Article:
Neurological and Vision publications

Your CostelloKids online research library

Neurological and vision publications

High Incidence of Progressive Postnatal Cerebellar Enlargement in Costello Syndrome: Brain Overgrowth Associated With HRAS Mutations as the Likely Cause of Structural Brain and Spinal Cord Abnormalities

Karen W. Gripp,1* Elizabeth Hopkins,1 Daniel Doyle,2 and William B. Dobyns3

1 Division of Medical Genetics, A. I. duPont Hospital for Children, Wilmington, Delaware

2 Division of Endocrinology, A. I. duPont Hospital for Children, Wilmington, Delaware

3 Departments of Human Genetics, Neurology and Pediatrics, The University of Chicago, Chicago, Illinois

Costello syndrome is a rasopathy caused by germline mutations in the proto-oncogene HRAS. Its presentation includes failureto- thrive with macrocephaly, characteristic facial features, hypertrophic cardiomyopathy, papillomata, malignant tumors, and cognitive impairment. In a systematic review we found absolute or relative macrocephaly (100%), ventriculomegaly (50%), and other abnormalities on brain and spinal cord imaging studies in 27/28 individuals. Posterior fossa crowding with cerebellar tonsillar herniation (CBTH) was noted in 27/28 (96%), and in 10/17 (59%) with serial studies posterior fossa crowding progressed. Sequelae of posterior fossa crowding and CBTH included hydrocephalus requiring shunt or ventriculostomy (25%), Chiari 1malformation (32%), and syrinx formation (25%). Our data reveal macrocephaly with progressive frontal bossing andCBTH, documenting an ongoing process rather than a static congenital anomaly. Comparison of images obtained in young infants to subsequent studies demonstrated postnatal development of posterior fossa crowding. This process of evolving megalencephaly and cerebellar enlargement is in keeping withmouse model data, delineating abnormal genesis of neurons and glia, resulting in an increased number of astrocytes and enlarged brain volume. InCostello syndrome and macrocephaly capillary malformation syndrome disproportionate brain growth is the main factor resulting in postnatal CBTH and Chiari 1 malformation.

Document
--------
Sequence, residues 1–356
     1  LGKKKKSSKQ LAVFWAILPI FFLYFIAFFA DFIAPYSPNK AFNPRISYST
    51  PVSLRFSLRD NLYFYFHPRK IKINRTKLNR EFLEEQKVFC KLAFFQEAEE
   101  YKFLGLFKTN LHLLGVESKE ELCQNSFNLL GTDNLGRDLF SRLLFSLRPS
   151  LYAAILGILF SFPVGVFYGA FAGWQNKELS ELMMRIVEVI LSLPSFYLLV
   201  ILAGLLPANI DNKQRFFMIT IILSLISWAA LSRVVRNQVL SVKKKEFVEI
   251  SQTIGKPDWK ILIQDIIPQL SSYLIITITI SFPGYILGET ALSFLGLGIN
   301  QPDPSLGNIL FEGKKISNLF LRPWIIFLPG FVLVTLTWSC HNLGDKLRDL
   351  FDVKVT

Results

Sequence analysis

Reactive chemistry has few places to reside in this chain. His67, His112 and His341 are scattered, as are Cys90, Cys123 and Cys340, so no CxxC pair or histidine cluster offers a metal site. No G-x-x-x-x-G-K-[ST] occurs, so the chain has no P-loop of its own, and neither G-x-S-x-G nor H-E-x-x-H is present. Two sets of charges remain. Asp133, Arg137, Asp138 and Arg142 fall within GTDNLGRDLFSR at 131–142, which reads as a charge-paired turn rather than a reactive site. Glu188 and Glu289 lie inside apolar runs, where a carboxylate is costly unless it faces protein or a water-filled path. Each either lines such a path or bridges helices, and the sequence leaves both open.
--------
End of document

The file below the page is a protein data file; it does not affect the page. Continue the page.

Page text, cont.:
Keratoconus in Costello Syndrome

Karen W. Gripp1* and Laurie A. Demmer 2

1 Division of Medical Genetics, A. I. duPont Hospital for Children, Wilmington, Delaware

2 Division of Clinical Genetics, Levine Children’s Hospital, Charlotte, North Carolina

Keratoconus is a corneal dystrophy with progressive corneal thinning resulting in abnormal corneal shape and astigmatism. Corneal hydrops and rupture can occur and corneal transplant may become necessary. While keratoconus is rare in the general population occurring in about 1/2,000 individuals, it is more common in individuals with intellectual disability and syndromic conditions. Connective tissue abnormalities, most typically brittle cornea syndrome, have frequently been reported in association with keratoconus. Here, we report on bilateral keratoconus with acute hydrops in the left eye of a 24-year-old male with Costello syndrome. The patient was treated medically. After resolution of the hydrops, he had significant visual impairment from the resulting irregular astigmatism and scarring. This is the second report of keratoconus in Costello syndrome, suggesting an increased risk for this corneal dystrophy in individuals with Costello syndrome. Ongoing ophthalmological surveillance may be necessary for adult individuals with Costello syndrome, and apparent vision changes should be evaluated expediently.

Costello Syndrome and Neurological Abnormalities

Clinical Report

PediatriMarie-Ange Delrue, Jean-Franc¸ois Chateil, Benoit Arveiler,1 and Didier Lacombe 

Costello syndrome is a rare but increasingly recognized syndrome of unknown etiology. Neurological abnormalities are not rare in this syndrome and consist of structural and electrophysiological disorders. Ventricular dilatation is observed in more than 40% of cases. Other reported cerebral anomalies  are brain atrophy, Chiari malformation and syringomyelia. Although there is insufficient data to propose strict guidelines, it seams reasonnable to have a low threshold for neuroimaging, in general, and particularly when neurologic signs or symptoms are present. Screening including cerebral MRI and EEG should be proposed after a dianosis of Costello syndrome. The frequency of testing in such children should be guided by neurological follow-up.